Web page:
If you have a loved one in a nursing home, it’s likely that you are in the unfortunate scenario that you are unable to visit them due to the pandemic. Even those without nursing-home-bound family members have seen the heartbreaking photos of relatives at senior care facilities communicating through windows or even via signs on lawns.
Of course, there’s a very good reason for the distancing. It’s becoming increasingly clear that residents of nursing homes are among the most vulnerable in the Covid-19 pandemic. Not only are most residents over 65, but they often have additional risk factors such as asthma, COPD, or other health problems.
We all know that the quality of nursing homes varies, but even being in a high-quality home may offer no protection against the current pandemic. In an April 17th article The New York Times reported, “Some nursing homes with clusters have a history of safety violations, persistent staffing problems and limited amenities. Other hard-hit facilities have sterling health records, luxurious living arrangements and pricey rents.
The risk of nursing home residents contracting Covid-19 can be compounded by employees that serve many residents, enabling staff which may be infected (but don’t know they are), to spread the virus to dozens. At least one nursing home, Park Springs Life Plan Community in Stone Mountain, GA, has taken the radical step of asking their staff to voluntarily live at the facility, to avoid bringing the virus in from the community to residents.
It’s no wonder that more and more people who plan for future care needs are more motivated than ever to avoid nursing homes.
In fact, having the ability to more easily pay for care outside of a nursing home has long been a motivator to purchase long term care insurance. However, viewed through the lens of an easily-spread potentially-deadly virus, the desire to avoid nursing home confinement may be much more than simply a quality of life issue.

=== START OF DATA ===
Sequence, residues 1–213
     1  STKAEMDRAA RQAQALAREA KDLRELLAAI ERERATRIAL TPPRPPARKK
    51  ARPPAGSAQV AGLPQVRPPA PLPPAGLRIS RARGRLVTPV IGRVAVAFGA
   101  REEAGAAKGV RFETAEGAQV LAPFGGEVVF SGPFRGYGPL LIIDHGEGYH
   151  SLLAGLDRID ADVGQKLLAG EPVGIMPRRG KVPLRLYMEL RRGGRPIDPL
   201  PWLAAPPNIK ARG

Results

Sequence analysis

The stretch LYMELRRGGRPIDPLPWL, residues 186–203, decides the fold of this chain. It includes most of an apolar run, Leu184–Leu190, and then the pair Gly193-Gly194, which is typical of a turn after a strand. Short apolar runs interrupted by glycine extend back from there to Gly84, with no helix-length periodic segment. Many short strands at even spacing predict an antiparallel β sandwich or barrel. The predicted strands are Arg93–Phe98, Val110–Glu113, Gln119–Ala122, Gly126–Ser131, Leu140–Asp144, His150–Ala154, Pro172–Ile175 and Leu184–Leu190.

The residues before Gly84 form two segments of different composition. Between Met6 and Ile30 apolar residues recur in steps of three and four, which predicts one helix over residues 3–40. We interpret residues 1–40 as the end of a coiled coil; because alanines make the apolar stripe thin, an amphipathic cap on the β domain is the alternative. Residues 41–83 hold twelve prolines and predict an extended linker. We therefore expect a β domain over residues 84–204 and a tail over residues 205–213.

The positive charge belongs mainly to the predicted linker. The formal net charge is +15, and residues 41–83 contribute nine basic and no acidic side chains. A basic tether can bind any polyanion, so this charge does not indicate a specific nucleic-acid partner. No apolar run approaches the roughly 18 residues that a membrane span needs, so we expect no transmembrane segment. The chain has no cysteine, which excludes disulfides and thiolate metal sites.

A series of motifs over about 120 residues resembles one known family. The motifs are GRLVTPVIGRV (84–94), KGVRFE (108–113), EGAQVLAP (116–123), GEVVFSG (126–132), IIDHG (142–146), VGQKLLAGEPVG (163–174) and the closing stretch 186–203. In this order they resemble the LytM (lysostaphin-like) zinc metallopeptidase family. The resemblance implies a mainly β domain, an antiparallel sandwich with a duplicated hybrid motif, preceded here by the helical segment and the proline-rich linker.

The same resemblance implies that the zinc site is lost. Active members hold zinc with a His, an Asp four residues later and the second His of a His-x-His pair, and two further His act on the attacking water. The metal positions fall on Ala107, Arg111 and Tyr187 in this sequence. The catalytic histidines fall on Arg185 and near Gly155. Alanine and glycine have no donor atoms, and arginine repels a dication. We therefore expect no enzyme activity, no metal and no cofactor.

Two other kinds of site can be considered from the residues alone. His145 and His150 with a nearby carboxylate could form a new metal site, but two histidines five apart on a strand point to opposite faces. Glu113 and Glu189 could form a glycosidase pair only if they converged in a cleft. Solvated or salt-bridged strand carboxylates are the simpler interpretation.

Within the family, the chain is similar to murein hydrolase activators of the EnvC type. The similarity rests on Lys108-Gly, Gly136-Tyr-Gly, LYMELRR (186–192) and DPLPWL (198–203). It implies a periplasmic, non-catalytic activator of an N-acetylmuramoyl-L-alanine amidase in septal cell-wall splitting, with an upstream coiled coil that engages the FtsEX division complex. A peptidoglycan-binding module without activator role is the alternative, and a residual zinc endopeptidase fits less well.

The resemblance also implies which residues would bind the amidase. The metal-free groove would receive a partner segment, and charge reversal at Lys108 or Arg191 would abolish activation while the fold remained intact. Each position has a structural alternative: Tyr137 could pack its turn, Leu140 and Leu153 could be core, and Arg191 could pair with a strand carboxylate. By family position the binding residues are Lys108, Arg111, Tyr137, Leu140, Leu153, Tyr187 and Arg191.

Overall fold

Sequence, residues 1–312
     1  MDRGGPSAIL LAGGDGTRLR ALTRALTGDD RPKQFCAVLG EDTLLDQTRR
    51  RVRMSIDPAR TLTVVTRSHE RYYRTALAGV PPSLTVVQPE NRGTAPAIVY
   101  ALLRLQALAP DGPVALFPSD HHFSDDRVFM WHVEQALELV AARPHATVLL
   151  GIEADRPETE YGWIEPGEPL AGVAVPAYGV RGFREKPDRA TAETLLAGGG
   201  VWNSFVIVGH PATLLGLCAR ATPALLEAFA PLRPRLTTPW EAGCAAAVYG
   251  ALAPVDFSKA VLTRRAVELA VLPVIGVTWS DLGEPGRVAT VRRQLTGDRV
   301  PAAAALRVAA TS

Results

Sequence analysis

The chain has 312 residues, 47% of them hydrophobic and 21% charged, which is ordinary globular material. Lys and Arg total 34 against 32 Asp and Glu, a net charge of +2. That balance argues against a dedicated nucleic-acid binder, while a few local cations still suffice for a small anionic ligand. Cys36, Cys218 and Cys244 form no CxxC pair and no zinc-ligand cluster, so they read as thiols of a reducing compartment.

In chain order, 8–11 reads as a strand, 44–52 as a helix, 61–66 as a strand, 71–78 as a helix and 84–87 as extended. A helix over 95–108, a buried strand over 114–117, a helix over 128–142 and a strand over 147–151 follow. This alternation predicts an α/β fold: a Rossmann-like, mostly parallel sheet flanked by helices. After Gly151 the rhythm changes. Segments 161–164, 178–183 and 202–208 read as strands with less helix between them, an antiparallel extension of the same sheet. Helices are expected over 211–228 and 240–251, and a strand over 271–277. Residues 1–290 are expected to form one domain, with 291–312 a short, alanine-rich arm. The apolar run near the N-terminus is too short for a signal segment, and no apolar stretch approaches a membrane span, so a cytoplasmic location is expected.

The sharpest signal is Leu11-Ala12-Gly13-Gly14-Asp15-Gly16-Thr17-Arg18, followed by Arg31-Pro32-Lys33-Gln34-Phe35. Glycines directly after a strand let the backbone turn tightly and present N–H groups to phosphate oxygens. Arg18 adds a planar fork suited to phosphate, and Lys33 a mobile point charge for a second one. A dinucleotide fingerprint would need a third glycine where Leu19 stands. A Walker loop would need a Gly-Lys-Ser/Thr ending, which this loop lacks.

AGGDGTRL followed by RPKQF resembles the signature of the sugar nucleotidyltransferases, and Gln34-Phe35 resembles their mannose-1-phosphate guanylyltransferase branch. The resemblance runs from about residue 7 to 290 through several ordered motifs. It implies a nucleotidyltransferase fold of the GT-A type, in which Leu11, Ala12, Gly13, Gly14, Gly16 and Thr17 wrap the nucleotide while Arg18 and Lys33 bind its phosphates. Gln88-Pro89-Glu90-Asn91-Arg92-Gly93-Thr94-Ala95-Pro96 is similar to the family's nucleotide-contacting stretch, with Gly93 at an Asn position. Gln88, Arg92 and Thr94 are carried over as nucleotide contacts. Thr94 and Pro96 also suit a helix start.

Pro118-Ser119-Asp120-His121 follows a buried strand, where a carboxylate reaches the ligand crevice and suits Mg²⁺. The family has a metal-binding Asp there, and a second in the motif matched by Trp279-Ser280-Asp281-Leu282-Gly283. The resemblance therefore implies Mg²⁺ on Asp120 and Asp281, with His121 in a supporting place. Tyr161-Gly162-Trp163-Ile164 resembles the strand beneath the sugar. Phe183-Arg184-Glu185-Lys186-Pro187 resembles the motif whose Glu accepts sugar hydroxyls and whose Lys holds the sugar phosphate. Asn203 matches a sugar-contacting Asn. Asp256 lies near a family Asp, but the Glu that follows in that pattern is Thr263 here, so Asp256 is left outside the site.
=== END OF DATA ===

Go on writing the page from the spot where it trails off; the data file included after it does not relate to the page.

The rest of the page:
The reality is, whether or not you need to live in a nursing home may depend on the level of care that you need in the end. For example, nursing homes can provide a lot of skilled care easily. That care, provided by nurses, physical therapists, and other medical professionals, may be very expensive in-home, especially since Medicare only covers intermittent in-home skilled care. Luckily long term care insurance policy benefits can provide financing to make that kind of care at home possible. Policies with a care coordination benefit may make the management of such a team easier.
There may not be any easy answers. However, when it comes to care choices and the ability to control exactly where we live and who is our caretaker(s), it’s clear that long term care insurance can make a difference. For some, this difference may mean the ability to pay for assisted living, where the ability to social distance is greater than in a nursing home. For others, it’s the ability to stay at home, bringing in live-in or occasional caregivers as needed.
Let’s also not be unrealistic. The fact is this: whenever we rely on another human for caregiving, we assume the risk of catching the virus from them. (And they, us.) But that risk magnifies greatly under conditions found in most nursing homes such as sharing a bedroom with one or two others and having a multitude of caregivers that serve patients food, clean their rooms, and provide care.
It’s important not to lose sight of the bottom line: long term care insurance can help you stay out of a nursing home. For many, long term care insurance truly is stay-out-of-a-nursing-home insurance. And, in a pandemic situation, that can make all the difference in the world to you and your family.
Baygroup Insurance is working virtually and easily reachable by email or phone. Should you or anyone you know have questions about long term care planning and long term care insurance policies at this time, please do not hesitate to reach out. Baygroup Insurance can be reached at http://www.baygroupinsurance.com/forms/contact-us or call us at 410-557-7907 for more information.